Fiddling While Rome Learns
A Peek into the Second Grade Classroom
You leave the office, walk down the hall, come as far as the library, you look to the right and see our second grade classroom. As you peer in, you see a room that shows “time standing still”. The Math Meeting time board shows a March calendar bordered by student-made Trinitarian shamrocks. Time is standing still. Mrs. Gaub’s block calendar on her desk says, March 12th. Here we are, May 12th is upon us, and “we’ve continued our pursuit of knowledge online for the past two months.”
Let us continue to look around the classroom. We see a Poetry Tree - a mainstay in second grade room. We memorize a poem each month as we continue to learn at the “grammar level.” The recitations of “The Topsy, Turvy, World” by William Brighty Rands, which is a definite student favorite, and several poems by Longfellow, Stevenson, and Field help the children to accumulate a rich vocabulary. They learn the cadence to the melody of the vowels, metaphor and simile, as well as the emotion behind the poet’s writing.
As we continue to look around the classroom, we see a rich source of books for leisure reading, when students complete their written work. Another option is “Drawing Warm-Ups,” a grammar level packet of drawing instruction and practice that the children do that reinforces learning the elements of shape. This is an exercise to develop careful observation and, later on, an appreciation for the beauty and structure of pieces of Art. A poster of “Babar The Elephant,” including elements of other famous paintings, shows us how these simple lines and circles can be discovered in masterpieces.
Now turn to the front of the room. There, framing the whiteboard, we see the counting strips. These are a centerpiece of learning number-sense. We begin tackling multiplication, which helps us learn products quickly as we recite and sing the multiples of two through twelve. Patterns in math stimulate our number sense and prepare us for the abstract thinking needed for mental math, and the next phase of learning in our liberal arts education.
While peering into the classroom in the early morning, we are gathered around the piano, singing during our opening devotion time. We sing the weekly hymn and catechism lesson through song. We love to sing every chance we get! In the afternoon, you will hear grammar chants of adverbs, adjectives, prepositions and helping verbs!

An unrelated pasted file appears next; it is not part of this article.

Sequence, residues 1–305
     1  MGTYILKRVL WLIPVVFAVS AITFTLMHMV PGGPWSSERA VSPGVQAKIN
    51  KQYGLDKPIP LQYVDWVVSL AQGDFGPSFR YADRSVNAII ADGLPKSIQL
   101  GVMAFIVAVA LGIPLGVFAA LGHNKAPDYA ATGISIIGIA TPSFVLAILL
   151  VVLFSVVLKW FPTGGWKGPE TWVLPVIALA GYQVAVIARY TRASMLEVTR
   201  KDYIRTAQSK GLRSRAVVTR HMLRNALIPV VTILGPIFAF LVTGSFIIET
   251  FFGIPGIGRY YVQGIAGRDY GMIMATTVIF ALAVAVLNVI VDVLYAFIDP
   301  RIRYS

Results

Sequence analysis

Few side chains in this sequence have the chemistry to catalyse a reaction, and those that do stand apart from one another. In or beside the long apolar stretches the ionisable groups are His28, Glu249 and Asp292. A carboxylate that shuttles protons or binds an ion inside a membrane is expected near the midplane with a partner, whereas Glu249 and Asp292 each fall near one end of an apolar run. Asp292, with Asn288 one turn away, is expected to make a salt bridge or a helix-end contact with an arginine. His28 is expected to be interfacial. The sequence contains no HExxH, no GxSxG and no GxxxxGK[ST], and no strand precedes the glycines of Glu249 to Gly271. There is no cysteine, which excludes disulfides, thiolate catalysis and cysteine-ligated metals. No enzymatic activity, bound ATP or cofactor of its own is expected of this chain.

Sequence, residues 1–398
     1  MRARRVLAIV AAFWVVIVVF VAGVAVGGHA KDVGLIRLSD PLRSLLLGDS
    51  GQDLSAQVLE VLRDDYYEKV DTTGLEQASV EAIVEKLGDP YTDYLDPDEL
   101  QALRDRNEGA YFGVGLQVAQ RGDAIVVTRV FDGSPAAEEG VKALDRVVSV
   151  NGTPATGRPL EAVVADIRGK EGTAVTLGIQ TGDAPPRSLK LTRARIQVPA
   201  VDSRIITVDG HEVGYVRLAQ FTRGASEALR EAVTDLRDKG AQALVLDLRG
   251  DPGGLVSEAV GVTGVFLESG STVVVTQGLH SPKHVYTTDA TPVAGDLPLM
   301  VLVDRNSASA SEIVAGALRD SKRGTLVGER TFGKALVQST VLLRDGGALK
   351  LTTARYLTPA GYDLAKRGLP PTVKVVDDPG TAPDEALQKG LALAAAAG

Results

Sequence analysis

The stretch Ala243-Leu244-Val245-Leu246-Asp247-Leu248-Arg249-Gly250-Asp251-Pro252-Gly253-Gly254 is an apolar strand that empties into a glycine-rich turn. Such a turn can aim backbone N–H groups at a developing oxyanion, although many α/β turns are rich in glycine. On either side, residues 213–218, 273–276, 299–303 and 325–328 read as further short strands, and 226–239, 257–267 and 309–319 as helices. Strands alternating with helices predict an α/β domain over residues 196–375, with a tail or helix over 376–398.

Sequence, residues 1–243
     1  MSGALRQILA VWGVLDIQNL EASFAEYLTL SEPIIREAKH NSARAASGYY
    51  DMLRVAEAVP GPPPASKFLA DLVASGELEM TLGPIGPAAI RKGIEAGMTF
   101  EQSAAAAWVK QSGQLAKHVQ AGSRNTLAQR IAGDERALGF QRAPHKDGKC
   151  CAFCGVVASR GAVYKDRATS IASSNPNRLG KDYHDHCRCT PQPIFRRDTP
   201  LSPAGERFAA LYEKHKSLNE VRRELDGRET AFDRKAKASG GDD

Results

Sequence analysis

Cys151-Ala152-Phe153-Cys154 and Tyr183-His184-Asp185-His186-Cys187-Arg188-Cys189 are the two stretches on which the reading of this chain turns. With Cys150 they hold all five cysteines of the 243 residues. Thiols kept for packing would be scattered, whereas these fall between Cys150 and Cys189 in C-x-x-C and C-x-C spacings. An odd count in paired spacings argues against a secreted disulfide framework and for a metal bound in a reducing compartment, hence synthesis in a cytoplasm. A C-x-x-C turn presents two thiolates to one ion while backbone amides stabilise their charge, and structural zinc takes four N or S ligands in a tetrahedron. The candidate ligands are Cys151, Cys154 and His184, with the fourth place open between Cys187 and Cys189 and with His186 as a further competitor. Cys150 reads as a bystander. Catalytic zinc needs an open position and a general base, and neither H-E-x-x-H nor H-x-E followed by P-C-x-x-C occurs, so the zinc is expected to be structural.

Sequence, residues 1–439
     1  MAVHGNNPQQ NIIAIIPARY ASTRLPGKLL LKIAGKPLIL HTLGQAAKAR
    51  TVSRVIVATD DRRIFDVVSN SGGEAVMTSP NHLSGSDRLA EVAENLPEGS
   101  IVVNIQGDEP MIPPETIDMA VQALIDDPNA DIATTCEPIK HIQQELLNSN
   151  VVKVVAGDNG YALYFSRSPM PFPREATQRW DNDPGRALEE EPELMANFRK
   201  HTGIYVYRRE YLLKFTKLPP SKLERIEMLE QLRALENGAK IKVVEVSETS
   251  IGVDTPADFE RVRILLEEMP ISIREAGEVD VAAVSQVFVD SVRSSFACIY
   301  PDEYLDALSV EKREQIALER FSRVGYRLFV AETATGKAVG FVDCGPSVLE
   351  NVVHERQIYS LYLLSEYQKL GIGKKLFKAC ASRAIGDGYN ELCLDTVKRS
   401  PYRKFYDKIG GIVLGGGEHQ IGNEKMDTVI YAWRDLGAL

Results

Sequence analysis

Another glance in our room you hear short, precise sounds of our phonetic alphabet. We recite our phonograms and words, syllable-by- syllable to tackle spelling and reading. When we encounter new words in Literature, History, or Science, we know we can break the words down into syllables. Phonics rules we put to memory help us in our own writing as we add a suffix to a word which begins with a vowel.
Perusing the room for students work, you will see work displayed which is edited for our “personal best” in manuscript writing and eventually, cursive writing. We learn the elements of cursive, the five strokes, and put them to use while making each letter. And, yes, you may even see the students talking to themselves, they may be saying, “start with a short upswing, pull straight down to the baseline, finish with a tiny upswing”.
You may even see us leave our classroom to go to another classroom and be filled with the Grammar of History, Latin, and Art. Learning spatial relations (geometry) is a characteristic of an educated person. In the book, Classical Education: the Movement Sweeping America, Veith and Kern write, “Someone who is educated should be able to handle numbers (mathematics), science (astronomy), aesthetics (music), and spatial relations (geometry),” (14). So we learn the geography (maps) and architecture of the time period being studied in History and Art. Latin requires mental gymnastics that ultimately strengthens the mind. We also leave the room to strengthen our bodies in physical education class.
Most importantly, we will be found in the church for daily chapel, or inside the room with our Bible storybooks in hand. We focus on God’s Word given to us about His only Son, our Lord and Savior, Jesus Christ. It is here that we not only learn about all God has done for us, but we receive forgiveness for all our sins as we gather in our Lord’s House.
All the learning we do in our room is centered in Scripture. It guides our learning of history, our world and nature, the Bible verses we memorize, and the hymns we sing. Most importantly, we give God the glory for our redemption through Christ who died and rose for all mankind.
So here we are, May 12 is tomorrow, and, to the naked eye, the second grade classroom looks lifeless and deserted, stuck on March 12. But the learning has not stopped. The second grade students are excelling in all areas of our curriculum in a different classroom. The ‘new’ classroom looks like the inside of each student’s home.
A Peek in the Classroom - Kindergarten
By Mrs. Bohot
On any given day at Memorial Lutheran School, it is not uncommon to hear students chanting their phonograms, rapping their math facts, reciting Bible verses, or singing about the continents in the kindergarten classroom. This is an age of discovery and excitement where students eagerly learn about a variety of subjects. In kindergarten at MLS, we work to build a strong foundation for our children as they begin their educational journey through elementary school. We recognize their abilities and excitement for learning and teach in a way that helps them to grow in their knowledge and build their confidence as life-long learners.